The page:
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Information Management: Charting the Course:
What About Forecast Data?

  Column published in DM Review Magazine
September 2003 Issue
  By Bill Inmon

The traditional use of a data warehouse has been to store historical data. Stored at both the detailed level and the summary level, data warehouses provide a description of what has happened in the past. Historical data may be used to look at the forest and the trees, look at customer trends and provide a basis for asking "what if" questions, among other things.

Data warehouses are unique in that they recognize that data is captured and stored over a panorama of time. Contrast a data warehouse's recognition of the element of time with that of OLTP (transaction-based) systems. In OLTP transaction-based systems, the only time that matters is right now. In transaction-based systems you ask such questions as:

  • How much money do I have in my account right now?
  • What insurance coverage do I have right now?
  • How many seats are available on an airplane flight right now?
  • What is the status of the order right now?

All questions are phrased in terms of the value of information right now. Transaction-based systems focus almost exclusively on the most current up-to-the-second status of data. They spend a lot of energy on guaranteeing the accuracy of information that is current.

However, what about other forms of time? Can a data warehouse be used to hold other forms of time variance? The answer is yes. A data warehouse can be used to hold future information, such as forecast information, as well as past information.

Like other information in a data warehouse, the forecast can be made at different levels of granularity (i.e., the forecast can be made in terms of days, weeks, months or years). The specifics of the frequency of the forecast depend entirely on the nature of the business of the entity that is being forecast. Making an annual forecast for the amount of bubblegum that will be manufactured hourly doesn't make much sense. Nor does an hourly forecast of annual revenue make sense.

One of the most innovative uses of forecasts is that of periodically comparing forecast data to actual usage data. For example, suppose an energy company makes a monthly forecast for the usage of natural gas. Then, as each month passes, the company tracks the difference between what has been forecast versus what has been actually used. In so doing, the company can start to get a handle on how reliable their forecasts are.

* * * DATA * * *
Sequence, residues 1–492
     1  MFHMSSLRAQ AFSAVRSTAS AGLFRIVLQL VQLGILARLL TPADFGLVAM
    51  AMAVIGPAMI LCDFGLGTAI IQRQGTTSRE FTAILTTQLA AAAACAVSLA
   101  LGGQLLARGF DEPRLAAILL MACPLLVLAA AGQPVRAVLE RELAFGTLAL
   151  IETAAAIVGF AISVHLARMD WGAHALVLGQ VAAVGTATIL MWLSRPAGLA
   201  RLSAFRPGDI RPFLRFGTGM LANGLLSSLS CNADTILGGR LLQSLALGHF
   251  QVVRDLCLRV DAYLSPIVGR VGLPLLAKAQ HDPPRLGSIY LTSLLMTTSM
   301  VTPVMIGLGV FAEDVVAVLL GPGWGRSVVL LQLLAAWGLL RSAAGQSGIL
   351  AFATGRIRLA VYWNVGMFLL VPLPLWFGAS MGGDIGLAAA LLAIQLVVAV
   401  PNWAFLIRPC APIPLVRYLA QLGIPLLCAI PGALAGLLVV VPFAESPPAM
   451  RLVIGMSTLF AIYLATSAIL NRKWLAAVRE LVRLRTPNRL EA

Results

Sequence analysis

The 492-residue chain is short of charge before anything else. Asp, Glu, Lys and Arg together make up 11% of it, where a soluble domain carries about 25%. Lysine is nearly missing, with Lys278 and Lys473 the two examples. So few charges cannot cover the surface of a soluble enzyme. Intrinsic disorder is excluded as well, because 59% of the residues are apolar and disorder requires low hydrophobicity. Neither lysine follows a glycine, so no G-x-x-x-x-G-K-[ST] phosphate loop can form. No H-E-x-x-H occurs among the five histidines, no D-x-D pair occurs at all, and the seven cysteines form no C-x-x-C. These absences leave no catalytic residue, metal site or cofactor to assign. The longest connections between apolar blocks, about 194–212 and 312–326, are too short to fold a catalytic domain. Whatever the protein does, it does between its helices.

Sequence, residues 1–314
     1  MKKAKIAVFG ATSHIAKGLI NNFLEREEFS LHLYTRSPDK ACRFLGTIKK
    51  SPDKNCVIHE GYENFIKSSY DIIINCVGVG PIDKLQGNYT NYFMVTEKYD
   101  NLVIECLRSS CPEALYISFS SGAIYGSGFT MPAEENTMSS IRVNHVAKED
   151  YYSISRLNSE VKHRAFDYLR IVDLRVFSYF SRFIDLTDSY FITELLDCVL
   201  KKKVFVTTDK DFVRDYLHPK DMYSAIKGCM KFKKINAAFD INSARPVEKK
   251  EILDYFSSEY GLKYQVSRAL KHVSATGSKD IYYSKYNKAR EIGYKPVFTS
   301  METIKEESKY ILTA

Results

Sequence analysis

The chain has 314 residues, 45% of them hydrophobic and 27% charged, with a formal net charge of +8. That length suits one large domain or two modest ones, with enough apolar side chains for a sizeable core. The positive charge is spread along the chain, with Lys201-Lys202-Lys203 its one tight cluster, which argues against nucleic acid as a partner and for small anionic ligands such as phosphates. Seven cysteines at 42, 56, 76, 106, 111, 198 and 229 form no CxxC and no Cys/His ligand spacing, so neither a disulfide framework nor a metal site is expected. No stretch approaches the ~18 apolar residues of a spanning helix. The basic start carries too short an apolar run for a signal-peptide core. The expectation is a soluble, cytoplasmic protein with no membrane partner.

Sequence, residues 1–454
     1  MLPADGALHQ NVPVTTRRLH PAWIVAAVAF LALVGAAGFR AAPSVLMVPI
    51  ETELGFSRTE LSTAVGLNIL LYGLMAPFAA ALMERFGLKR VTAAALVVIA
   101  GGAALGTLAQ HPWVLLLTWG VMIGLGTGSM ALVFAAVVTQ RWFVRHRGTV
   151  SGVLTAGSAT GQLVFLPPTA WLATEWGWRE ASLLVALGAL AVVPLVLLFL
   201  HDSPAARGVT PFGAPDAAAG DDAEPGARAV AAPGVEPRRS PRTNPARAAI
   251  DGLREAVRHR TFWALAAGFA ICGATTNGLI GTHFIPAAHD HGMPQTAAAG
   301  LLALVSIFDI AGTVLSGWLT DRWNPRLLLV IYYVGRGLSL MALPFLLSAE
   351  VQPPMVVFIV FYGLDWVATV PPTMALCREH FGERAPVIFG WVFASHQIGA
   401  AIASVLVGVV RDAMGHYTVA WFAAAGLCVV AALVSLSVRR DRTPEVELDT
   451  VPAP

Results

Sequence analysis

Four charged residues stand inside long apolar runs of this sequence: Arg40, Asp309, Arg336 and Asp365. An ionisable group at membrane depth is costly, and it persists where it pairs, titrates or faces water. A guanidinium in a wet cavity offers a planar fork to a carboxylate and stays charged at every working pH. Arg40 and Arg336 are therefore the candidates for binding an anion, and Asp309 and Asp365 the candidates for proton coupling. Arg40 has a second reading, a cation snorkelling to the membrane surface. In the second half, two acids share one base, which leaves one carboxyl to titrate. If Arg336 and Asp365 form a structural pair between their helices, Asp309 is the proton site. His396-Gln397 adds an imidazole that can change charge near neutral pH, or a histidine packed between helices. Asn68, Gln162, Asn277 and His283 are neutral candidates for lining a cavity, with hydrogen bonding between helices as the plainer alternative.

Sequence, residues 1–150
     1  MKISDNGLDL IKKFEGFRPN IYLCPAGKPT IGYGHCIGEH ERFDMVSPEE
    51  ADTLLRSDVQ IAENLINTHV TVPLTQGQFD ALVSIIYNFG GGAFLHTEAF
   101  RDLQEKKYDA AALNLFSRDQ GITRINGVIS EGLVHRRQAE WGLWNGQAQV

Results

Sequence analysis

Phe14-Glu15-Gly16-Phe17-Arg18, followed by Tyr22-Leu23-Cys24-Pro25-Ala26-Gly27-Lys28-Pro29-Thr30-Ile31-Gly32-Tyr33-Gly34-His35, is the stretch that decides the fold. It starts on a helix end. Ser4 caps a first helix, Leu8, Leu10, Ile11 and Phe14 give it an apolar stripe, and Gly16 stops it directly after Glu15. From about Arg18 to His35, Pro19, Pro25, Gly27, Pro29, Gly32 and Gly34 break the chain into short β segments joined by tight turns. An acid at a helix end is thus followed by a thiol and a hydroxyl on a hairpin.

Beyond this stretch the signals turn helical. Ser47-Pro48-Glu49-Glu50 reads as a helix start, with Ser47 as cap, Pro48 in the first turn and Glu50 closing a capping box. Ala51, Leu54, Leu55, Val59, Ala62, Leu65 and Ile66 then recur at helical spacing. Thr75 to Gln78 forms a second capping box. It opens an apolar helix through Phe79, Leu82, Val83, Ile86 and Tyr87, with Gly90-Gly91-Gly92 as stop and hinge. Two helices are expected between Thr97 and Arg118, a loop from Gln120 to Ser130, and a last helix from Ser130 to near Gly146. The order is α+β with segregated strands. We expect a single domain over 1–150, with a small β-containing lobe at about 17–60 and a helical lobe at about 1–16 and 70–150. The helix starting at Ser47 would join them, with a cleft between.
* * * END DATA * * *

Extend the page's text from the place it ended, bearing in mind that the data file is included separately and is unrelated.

By making a monthly comparison between actual and forecast, an organization can start to understand what variables they are subject to. Consider an energy company, for example. The energy company records variables are used to shape their forecast including:

  • the El Nino weather pattern,
  • the number of new residents in a state,
  • the number of new businesses in the state,
  • the number of high-consumption businesses in the state,
  • the number of new students in the state, and
  • the number of total students in the state.

Once the correlation between the forecast and the actual is calculated, the organization can start to understand what variables the organization is sensitive to and what variables the organization is not sensitive to. In doing so, the organization can start to shape the forecasts ever more accurately.

Multiple forecasts are also useful. The multiple forecasts can be done by different individuals or by sensitivity to different variables. On a monthly basis, the variables can be compared to the actuals to create a confidence index for each forecast. For a forecast that is consistently off, the confidence index will be low. For a forecast index that is consistently close, the confidence index will be high. Forecasts may be both short term and long term.

Once the forecasts are made, as time passes, they become history and are integrated into the historical part of the data warehouse.

The data warehouse designer does not have to be limited to forecasts. Budgets can be treated the same way.

The addition of forecast and budget data to the data warehouse environment can add a dimension of information that rounds out the historical and current information that is found there. Interestingly, tracking the difference between actual and forecast can provide major insight into how to make better forecasts in the future.


For more information on related topics visit the following related portals...
DW Basics.

Bill Inmon is universally recognized as the father of the data warehouse. He has more than 35 years of database technology management experience and data warehouse design expertise. His books have been translated into nine languages. He is known globally for his seminars on developing data warehouses and has been a keynote speaker for many major computing associations. For more information, visit www.inmongif.com and www.inmoncif.com. Inmon may be reached at (303) 681-6772.

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